4D BIM for Construction

Visual Storytelling

Posted by Tom Dengenis on Mar 6, 2017 10:01:22 PM

This past week as we are preparing for the next Synchro Software User’s Conference it has been very hard to avoid the news and broadcast interviews about the Oscars award ceremony and the event played out for the Best Picture winner Moonlight.  Among the chatter I heard an interview that described the power of storytelling and it caught my attention.  In the conversation Cheo Hodari Coker said among many things that:

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Where does CPM and 2D fit in the Digital Construction Age?

Posted by Tom Dengenis on Feb 18, 2017 3:03:29 AM

Within a few years of its’ introduction, Critical Path Method (CPM)- a project modelling technique developed in the late 1950s- succeeded in making positive performance impacts in both manufacturing and the defence industries.  “The critical path method was developed at the DuPont Company in 1957 by a pair of mathematicians who were looking at ways to avoid the costs of plant shutdowns and restarts caused by inefficient scheduling. Their research showed that money could be saved by focusing efforts on performing the right tasks at the right times, rather than flooding the problem with labor to stay on schedule. This saved DuPont 25 percent on shutdowns...” (http://yourbusiness.azcentral.com/history-critical-path-method-24351.html) This created big hopes and excitement for CPM to also improve construction project delivery performance.  Construction companies began adopting CPM in the late 1950s and early 1960s. By the late 1970’s and early 1980’s, the personal computer made CPM affordable and accessible to the masses; so how has construction performance fared since  CPM became the standard for construction planning and scheduling?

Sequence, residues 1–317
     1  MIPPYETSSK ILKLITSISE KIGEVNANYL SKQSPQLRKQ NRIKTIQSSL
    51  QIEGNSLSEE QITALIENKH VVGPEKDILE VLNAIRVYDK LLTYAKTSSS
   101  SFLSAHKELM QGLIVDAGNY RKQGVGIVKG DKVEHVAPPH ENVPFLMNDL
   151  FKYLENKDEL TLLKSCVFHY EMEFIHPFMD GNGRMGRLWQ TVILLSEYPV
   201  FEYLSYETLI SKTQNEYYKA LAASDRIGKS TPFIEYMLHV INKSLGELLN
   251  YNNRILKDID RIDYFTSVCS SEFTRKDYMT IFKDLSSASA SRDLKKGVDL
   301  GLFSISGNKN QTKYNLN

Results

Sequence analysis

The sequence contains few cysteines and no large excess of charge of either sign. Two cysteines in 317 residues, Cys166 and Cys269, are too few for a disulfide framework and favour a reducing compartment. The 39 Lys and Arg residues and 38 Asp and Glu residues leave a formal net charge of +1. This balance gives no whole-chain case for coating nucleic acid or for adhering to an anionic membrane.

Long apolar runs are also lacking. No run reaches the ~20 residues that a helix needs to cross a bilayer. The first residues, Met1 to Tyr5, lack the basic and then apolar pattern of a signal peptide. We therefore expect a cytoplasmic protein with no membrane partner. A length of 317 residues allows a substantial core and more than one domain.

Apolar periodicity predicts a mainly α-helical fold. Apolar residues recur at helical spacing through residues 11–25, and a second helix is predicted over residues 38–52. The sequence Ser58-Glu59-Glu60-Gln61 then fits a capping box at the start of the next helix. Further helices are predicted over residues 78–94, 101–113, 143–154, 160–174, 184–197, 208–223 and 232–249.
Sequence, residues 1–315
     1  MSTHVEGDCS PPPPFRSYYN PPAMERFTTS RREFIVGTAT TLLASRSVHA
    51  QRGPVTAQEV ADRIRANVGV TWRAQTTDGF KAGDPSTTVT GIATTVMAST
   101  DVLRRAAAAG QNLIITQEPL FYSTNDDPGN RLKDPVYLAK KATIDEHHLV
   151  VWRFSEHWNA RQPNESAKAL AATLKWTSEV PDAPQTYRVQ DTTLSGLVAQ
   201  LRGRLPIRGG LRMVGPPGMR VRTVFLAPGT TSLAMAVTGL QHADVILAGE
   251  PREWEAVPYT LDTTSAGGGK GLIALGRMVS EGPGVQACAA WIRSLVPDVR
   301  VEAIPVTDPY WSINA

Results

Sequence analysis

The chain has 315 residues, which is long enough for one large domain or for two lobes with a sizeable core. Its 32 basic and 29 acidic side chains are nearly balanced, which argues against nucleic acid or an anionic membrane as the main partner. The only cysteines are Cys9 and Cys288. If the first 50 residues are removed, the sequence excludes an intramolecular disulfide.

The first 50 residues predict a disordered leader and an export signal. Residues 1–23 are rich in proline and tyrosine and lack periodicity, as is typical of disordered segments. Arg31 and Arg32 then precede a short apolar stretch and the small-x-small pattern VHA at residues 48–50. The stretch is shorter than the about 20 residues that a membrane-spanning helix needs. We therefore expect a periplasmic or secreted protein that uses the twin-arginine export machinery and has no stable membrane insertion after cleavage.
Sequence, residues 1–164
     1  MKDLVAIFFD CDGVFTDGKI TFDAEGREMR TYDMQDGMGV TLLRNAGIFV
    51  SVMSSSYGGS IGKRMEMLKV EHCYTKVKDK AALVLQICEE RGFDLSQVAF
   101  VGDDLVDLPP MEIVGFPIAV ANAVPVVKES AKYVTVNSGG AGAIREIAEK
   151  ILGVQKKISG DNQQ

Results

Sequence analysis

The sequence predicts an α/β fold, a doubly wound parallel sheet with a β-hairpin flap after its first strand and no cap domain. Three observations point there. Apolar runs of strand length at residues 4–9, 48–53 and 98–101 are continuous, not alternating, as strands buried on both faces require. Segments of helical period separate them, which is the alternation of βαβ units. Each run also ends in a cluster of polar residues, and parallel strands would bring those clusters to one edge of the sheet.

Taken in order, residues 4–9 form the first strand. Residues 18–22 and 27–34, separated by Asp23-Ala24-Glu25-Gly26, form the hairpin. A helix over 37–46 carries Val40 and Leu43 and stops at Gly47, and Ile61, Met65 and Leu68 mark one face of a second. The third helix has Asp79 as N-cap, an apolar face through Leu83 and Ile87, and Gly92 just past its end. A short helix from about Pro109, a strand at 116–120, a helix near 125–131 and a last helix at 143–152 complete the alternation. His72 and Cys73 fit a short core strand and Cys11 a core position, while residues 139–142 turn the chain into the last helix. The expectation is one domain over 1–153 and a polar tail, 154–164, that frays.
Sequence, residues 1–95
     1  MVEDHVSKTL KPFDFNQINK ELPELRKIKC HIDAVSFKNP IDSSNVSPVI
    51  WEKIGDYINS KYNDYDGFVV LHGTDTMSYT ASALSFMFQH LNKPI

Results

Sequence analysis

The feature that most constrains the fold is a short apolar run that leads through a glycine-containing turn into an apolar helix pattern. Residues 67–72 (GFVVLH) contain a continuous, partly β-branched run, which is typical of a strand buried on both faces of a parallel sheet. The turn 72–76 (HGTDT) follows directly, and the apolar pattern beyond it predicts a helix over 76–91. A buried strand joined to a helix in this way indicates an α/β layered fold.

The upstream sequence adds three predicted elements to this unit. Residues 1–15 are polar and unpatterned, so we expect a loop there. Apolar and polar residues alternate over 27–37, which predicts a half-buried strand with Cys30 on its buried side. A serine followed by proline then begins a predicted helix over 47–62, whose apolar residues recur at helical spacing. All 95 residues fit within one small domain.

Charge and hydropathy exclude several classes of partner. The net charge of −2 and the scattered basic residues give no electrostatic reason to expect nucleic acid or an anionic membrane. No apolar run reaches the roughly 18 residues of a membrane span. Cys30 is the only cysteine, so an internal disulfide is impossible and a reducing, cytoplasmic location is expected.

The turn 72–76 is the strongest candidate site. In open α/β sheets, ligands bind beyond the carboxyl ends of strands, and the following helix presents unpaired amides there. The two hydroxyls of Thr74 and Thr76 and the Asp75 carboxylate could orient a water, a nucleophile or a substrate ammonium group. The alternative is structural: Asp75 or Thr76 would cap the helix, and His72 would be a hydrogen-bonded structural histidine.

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How 4D scheduling creates synergies between BIM & Lean

Posted by Roar Fosse on Dec 2, 2015 4:03:14 PM

With new tools come new methods. There are numerous examples of this when it comes to Lean Construction and BIM, where new BIM tools require new processes that very often encompass several lean principles. I tend to say that Lean is the right leg and BIM is the left leg, and although you could stand on either one, in a fiercely competitive market that constantly shifts, it is easier for a construction company to maintain balance by standing on both. 

4D scheduling is one example of synergy where BIM can be used to achieve lean effects, either to support traditional planning methodology or to complement the Last Planner™ System. This blog post is meant to give an introduction to 4D scheduling and how some projects at Skanska achieves lean effects from using 4D in projects.

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Are We At A Fork In the Road?

Posted by Tom Dengenis on May 19, 2015 2:13:00 PM

Complexity in engineering, design and construction is now a constant. If we can point to one factor  driving complexity it is the new CAD capabilities that 3D modeling enables; the fantastic, the amazing and in some sectors like oil and gas, the monster projects.
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VDC/BIM: Top-Down or Bottom-up Implementation?